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Cloning parts by PCR using Kod polymerase

18 July 2008.

Kod Hot Start is a proof-reading polymerase distributed by Novagen. It is claimed to be as accurate as Pfu and 4 to 5 times faster. It comes with three solutions: 10 x reaction buffer, 2 mM dNTP mixture, and 25 mM MgSO4. These are stored in the 'PCR reagents' box in the freezer. before you start, take these out, thaw them, making sure they are completely thawed and well mixed before use, and store them on ice. Then, to a 0.5 ml PCR tube add:

  • about 32 microlitres of water (adjust the amount to get 50 microlitres total volume at the end)
  • 5 microlitres of 10 x reaction buffer
  • 5 microlitres of 2 mM dNTP mix
  • 3 microlitres of 25 mM MgSO4
  • 1.5 microlitres of primer mixture (at 10 pmol/microlitre each)
  • 1 to 2 microlitres of template (DNA or cell suspension)
  • 1 microlitre of Kod polymerase (in the blue freezer box with the other enzymes).

To mix the reaction, set your P200 to 50 microlitres and pipette it gently up and down a few times, making sure that you don't introduce bubbles.

The cycling protocol is as follows: Program 1: initial denaturation at 95 C for 2 minutes. Links to program 3. Program 3: 30 cycles. Segment 1, 95 C for 20 seconds. Segment 2, annealing temperature for 10 seconds. Segment 3, extend at 70 C. Links to program 4. Program 4: chase at 70 C for 10 minutes, then cool to 4 C and hold.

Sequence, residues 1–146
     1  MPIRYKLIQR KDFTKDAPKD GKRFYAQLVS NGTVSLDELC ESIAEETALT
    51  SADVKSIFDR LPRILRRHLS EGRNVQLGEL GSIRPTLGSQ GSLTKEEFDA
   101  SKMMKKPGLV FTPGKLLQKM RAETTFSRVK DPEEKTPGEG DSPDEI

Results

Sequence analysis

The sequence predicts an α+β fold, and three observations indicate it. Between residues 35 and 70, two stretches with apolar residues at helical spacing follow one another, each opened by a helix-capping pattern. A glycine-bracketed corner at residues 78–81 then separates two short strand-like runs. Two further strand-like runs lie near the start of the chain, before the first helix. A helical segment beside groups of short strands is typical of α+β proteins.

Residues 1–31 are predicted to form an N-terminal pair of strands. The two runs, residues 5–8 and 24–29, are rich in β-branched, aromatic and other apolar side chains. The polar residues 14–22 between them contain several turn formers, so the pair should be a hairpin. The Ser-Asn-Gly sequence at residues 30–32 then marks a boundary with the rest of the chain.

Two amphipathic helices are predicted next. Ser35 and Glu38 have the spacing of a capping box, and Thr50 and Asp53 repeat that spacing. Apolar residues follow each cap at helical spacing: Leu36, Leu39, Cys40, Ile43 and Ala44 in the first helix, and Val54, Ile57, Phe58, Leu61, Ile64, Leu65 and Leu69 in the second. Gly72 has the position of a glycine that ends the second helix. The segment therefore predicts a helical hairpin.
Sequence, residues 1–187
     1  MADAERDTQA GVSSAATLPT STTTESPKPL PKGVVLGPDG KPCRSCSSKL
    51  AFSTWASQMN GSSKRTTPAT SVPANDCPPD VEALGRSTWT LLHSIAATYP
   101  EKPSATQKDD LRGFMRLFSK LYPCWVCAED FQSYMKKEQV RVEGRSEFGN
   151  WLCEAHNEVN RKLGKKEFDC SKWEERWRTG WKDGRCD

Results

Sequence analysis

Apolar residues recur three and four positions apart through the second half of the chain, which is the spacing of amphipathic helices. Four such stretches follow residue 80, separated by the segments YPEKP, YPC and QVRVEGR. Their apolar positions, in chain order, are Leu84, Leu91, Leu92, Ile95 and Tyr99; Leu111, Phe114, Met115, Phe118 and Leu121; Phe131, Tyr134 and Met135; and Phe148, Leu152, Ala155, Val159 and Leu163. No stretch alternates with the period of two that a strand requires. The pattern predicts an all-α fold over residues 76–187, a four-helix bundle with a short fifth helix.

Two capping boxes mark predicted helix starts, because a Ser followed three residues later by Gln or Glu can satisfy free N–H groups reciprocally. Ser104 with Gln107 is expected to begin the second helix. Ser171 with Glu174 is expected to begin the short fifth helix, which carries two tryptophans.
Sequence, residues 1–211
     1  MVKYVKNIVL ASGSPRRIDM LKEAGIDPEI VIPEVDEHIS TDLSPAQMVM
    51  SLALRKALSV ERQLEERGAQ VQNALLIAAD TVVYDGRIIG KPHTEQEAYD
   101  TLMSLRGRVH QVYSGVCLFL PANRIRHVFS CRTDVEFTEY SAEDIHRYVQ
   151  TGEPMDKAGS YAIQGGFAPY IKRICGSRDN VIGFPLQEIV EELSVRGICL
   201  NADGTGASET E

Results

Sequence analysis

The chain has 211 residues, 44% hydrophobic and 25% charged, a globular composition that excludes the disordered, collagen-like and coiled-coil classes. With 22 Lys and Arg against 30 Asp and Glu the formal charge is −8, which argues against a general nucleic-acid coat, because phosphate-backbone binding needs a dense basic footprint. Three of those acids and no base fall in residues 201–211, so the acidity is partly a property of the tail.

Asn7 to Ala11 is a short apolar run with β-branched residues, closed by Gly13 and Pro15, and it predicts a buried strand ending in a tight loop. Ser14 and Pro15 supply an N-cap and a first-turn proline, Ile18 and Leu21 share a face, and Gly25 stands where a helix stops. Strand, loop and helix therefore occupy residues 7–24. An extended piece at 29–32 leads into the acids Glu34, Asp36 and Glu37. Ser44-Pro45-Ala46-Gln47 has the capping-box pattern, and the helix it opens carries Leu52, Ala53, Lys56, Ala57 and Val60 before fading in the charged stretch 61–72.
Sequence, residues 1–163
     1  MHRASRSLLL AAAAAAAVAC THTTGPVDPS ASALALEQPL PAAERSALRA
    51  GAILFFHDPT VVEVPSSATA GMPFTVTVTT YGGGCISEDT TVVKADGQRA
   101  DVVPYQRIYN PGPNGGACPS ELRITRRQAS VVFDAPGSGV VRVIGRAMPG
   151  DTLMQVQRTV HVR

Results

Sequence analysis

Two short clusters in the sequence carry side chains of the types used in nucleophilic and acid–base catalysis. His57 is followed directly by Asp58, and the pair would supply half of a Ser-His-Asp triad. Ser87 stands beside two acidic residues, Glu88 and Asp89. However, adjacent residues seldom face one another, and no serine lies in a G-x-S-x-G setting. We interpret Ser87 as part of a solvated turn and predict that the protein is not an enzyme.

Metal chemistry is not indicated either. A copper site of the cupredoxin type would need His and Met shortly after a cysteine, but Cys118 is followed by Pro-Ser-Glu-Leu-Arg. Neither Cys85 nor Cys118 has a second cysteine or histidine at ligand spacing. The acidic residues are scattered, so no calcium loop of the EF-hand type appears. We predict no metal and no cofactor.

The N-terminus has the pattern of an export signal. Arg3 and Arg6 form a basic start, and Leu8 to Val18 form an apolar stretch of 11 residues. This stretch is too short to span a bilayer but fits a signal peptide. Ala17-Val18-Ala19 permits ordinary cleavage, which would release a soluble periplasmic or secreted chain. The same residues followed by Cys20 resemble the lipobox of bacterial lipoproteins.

The recommended extension time is 10 seconds/kb for fragments below 0.5 kb; 15 seconds/kb for fragments of 0.5 to 1 kb; 20 seconds/kb for fragments of 1 to 3 kb; and 25 seconds per kb for fragments of greater than 3 kb. (By comparison, Taq uses 1 minute/kb and Pfu 2 minutes/kb).

We have had good success with Kod Hot Start. The short extension time makes it ideal for fusion PCR, site-directed mutagenesis and other protocols where relatively long fragments (vector plus insert) are to be amplified.

Modification for high-GC templates

For high-GC templates or other difficult templates, we have found it advantageous to

  • Add 10 microlitres of 50% v/v glycerol to the reaction mixture, decreasing the amount of water to maintain the same final volume. (We also tried DMSO, but glycerol seemed to work better.)
  • Increase the length of the 95 C denaturation step in each cycle from 20 seconds to 1 minute.

In those cases where we have tried it, doing both of these things together works much better than just doing either one of them without the other. Theoretically, glycerol should decrease the strength of GC bonds (I think), so it might be necessary to use a slightly lower annealing temperature - we have not investigated this in any systematic way.